Condition of larval (furcilia VI) and one year old juvenile Euphausia superba during the winter–spring transition in East Antarctica
Virtue, P and Meyer, B and Freier, U and Nichols, PD and Jia, Z and King, R and Virtue, J and Swadling, KM and Meiners, KM and Kawaguchi, S, Condition of larval (furcilia VI) and one year old juvenile Euphausia superba during the winter-spring transition in East Antarctica, Deep-Sea Research. Part 2, 131 pp. 182-188. ISSN 0967-0645 (2016) [Refereed Article]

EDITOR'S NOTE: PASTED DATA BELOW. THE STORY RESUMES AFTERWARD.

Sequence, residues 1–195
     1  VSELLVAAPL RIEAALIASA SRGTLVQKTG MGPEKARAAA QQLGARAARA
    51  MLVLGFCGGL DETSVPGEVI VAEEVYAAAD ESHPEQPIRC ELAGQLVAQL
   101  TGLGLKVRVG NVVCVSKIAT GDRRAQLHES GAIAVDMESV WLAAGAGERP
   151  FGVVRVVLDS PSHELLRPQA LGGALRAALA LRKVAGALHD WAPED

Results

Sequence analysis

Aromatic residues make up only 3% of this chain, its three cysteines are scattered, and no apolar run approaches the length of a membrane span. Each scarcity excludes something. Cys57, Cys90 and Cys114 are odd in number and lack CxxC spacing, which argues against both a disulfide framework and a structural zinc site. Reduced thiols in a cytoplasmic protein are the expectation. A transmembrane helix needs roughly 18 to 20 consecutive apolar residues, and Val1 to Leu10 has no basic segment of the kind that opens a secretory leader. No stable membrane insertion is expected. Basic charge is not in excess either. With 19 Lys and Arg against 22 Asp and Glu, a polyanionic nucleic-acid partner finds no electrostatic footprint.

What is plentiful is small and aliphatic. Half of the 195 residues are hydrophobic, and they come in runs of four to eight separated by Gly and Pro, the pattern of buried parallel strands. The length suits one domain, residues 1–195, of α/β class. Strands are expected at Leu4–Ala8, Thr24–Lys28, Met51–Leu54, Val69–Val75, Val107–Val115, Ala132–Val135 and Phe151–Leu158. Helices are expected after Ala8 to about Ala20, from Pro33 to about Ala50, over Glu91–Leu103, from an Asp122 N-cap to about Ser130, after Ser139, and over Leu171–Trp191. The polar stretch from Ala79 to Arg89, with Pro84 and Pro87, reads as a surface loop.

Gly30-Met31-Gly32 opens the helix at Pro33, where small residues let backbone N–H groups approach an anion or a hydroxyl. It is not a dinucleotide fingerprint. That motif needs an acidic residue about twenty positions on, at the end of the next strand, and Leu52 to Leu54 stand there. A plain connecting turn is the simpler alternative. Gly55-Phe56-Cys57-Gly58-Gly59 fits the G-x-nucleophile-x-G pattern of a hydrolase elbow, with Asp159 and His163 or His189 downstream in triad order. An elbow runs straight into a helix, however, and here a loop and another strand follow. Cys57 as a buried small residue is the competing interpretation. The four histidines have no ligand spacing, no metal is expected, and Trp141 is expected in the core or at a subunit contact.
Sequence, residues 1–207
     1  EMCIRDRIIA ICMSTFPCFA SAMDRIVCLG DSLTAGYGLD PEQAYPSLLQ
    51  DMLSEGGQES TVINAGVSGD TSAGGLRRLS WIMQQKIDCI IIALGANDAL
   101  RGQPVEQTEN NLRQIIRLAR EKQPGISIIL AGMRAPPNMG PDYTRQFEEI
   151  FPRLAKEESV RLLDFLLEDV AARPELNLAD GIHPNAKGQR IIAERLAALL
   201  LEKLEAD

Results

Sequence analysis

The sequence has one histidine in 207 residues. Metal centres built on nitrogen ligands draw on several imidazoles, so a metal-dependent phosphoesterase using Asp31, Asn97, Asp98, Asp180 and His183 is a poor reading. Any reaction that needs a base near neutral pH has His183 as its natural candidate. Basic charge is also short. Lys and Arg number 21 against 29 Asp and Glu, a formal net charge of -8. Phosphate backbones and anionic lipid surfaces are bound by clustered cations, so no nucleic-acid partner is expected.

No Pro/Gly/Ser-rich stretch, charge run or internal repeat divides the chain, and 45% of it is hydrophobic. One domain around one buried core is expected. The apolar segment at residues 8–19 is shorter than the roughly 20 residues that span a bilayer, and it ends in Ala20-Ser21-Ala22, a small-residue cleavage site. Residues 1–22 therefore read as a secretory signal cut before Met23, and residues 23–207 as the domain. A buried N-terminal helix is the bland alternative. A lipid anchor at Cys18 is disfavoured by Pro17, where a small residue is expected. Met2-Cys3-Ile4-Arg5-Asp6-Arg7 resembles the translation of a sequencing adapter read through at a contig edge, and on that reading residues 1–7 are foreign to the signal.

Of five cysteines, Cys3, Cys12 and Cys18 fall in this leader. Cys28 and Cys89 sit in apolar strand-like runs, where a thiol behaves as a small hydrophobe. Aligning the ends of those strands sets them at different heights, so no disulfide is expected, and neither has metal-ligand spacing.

Antarctic krill, Euphausia superba, is an important species in the Southern Ocean ecosystem. Information on krill condition during winter and early spring is slowly evolving with our enhanced ability to sample at this time of year. However, because of the limited spatial and temporal data, our understanding of fundamental biological parameters for krill during winter is limited. Our study assessed the condition of larval (furcilia VI) and one year old juvenile krill collected in East Antarctica (115°E–130°E and 64°S–66°S) from September to October 2012. Krill condition was assessed using morphometric, elemental and biochemical body composition, growth rates, oxygen uptake and lipid content and composition. Diet was assessed using fatty acid biomarkers analysed in the krill. The growth rate of larvae was 0.0038 mm day with an inter-moult period of 14 days. The average oxygen uptake of juvenile krill was 0.30±0.02 μl oxygen consumed per mg dry weight per hour. Although protein was not significantly different amongst the krill analysed, the lipid content of krill was highly variable ranging from 9% to 27% dry weight in juveniles and from 4% to 13% dry weight in larvae. Specific algal biomarkers, fatty acids ratios, levels of both long-chain (≥C20) monounsaturated fatty acids and bacterial fatty acids found in krill were indicative of the mixed nature of dietary sources and the opportunistic feeding capability of larval and juvenile krill at the end of winter.